Rape, mutilations, atrocities mark Central African Republic conflict, UN experts warn
“Given the serious nature of continuing violations in an environment of complete impunity, CAR is on the brink of descending into atrocity crimes,” UN Special Advisor on the Prevention of Genocide Adama Dieng said over the weekend at the end of a visit to the country, where a year-long conflict has increasingly turned into violence between Christians and Muslims.
“The worst case scenario can only be stopped if urgent measures are taken to stop the violence and those responsible are held accountable,” added Mr. Dieng, who was accompanied on the visit by UN Special Representative for Children and Armed Conflict Leila Zerrougui, and Nancee Oku Bright from the office of the Special Representative on Sexual Violence in Conflict.
CAR has been thrown into turmoil since mainly Muslim Séléka rebels launched attacks a year ago and forced President François Bozizé to flee in March. A transitional government has since been entrusted with restoring peace and paving the way for democratic elections, but armed clashes have erupted again and the mainly Christian anti-Balaka movement has taken up arms.
All three officials warned of the especially disastrous effects of the conflict on children who have been killed, mutilated, subjected to sexual violence and recruited by armed groups since the beginning, and they stressed the crucial need to strengthen the capacity and resources of the UN Integrated Peacebuilding Office in CAR (BINUCA) and the UN system as a whole to ensure an adequate and efficient crisis response.
The conflict has forced children to abandon their homes, in some cases separating from their families. Their schools have been looted, teachers targeted, and classrooms occupied by armed groups. The UN Children’s Fund (UNICEF) estimates that 2.3 million children are affected by the crisis, including thousands who have been recruited or re-recruited by armed groups.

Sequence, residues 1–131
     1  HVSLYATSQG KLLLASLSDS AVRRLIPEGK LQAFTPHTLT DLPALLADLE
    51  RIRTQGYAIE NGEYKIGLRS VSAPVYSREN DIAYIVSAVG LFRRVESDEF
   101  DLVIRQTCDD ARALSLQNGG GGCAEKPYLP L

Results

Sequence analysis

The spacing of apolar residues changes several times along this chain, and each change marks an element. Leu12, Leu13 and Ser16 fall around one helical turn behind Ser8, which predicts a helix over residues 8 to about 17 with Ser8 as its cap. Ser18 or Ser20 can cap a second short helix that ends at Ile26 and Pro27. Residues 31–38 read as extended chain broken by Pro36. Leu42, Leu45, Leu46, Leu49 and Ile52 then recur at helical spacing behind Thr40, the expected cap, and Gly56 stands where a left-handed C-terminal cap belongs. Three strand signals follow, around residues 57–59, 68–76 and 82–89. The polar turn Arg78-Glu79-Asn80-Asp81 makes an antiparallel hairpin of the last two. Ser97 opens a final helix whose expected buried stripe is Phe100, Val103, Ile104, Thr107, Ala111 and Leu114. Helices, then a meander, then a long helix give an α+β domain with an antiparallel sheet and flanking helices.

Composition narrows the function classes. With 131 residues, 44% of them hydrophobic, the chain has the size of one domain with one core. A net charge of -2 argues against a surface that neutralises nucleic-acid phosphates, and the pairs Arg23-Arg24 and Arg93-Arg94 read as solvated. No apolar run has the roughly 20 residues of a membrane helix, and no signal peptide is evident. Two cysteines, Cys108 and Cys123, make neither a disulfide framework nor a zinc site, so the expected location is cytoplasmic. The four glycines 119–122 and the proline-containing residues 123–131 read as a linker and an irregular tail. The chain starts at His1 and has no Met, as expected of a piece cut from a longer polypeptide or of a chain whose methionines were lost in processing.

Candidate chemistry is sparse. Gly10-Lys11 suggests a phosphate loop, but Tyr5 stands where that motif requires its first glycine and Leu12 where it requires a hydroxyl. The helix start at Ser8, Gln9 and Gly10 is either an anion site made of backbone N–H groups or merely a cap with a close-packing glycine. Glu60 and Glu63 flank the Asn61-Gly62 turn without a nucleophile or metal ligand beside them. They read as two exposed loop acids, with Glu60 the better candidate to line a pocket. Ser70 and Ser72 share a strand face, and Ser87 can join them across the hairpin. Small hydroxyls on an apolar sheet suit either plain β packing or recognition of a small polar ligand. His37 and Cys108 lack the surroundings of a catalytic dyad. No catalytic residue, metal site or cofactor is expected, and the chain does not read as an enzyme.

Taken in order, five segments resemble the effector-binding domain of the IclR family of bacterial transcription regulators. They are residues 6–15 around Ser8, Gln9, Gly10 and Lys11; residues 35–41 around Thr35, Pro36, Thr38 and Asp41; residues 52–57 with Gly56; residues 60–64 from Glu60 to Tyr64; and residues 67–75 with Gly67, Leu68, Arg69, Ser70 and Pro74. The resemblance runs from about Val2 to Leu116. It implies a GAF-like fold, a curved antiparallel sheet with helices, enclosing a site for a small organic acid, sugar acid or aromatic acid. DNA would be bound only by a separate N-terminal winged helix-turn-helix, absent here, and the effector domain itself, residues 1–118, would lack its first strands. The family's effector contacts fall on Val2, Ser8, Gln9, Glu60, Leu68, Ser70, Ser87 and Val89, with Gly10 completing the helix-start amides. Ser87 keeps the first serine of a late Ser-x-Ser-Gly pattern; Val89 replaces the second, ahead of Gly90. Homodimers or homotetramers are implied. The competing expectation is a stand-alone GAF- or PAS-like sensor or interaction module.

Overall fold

“There is no excuse for failing the children of the Central African Republic,” Ms. Zerrougui said. “I welcome the engagement of the international community to deploy forces, support the (UN-endorsed) African Union Mission (peacekeeping force), and provide humanitarian assistance, but the needs are enormous.
“We need to urgently protect children from harm, reunite former child soldiers with their families, strengthen monitoring and reporting on grave child rights violations and provide them with safe access to humanitarian assistance and education.”
During a meeting with the three UN representatives, the head of the transitional government, Michel Djotodia, agreed to allow unimpeded and regular access to all cantonment sites in the country so that children found in the ranks of the ex-Séléka can be handed over to UNICEF and reunited with their families.
“Releasing children is an essential step,” Ms. Zerrougui said. “I call on the international community to assist CAR authorities to implement a disarmament, demobilization and reintegration process tailored to the specific needs of children.”
The representatives, who also met the Transitional National Council, diplomats, religious leaders, civil society, women’s forum, internally displaced persons, victims of human rights violations and humanitarian and UN officials, voiced alarm at numerous reports of deliberate attacks and retaliatory acts against the civilian population, mainly on the basis of religion.
Over the past two weeks Christians and Muslims have launched reprisal attacks against each other in and around Bangui, the capital, where some 210,000 people have been driven from their homes. Nearly 750,000 people have been displaced overall out of a total population of 4.6 million, 40,000 of them fleeing to neighbouring countries, according to the UN refugee agency (UNHCR).
Ms. Bright stressed that conflict and displacement have heightened the vulnerability of women and children to sexual violence. “I am deeply concerned that in this highly volatile environment, rape, forced marriage, mutilations, and other egregious acts of sexual violence against women and children continue to be reported”, she said.
“All parties to the conflict must cease these violations, while humanitarian partners must also ensure accessibility to crucial medical support and services for survivors of sexual violence.”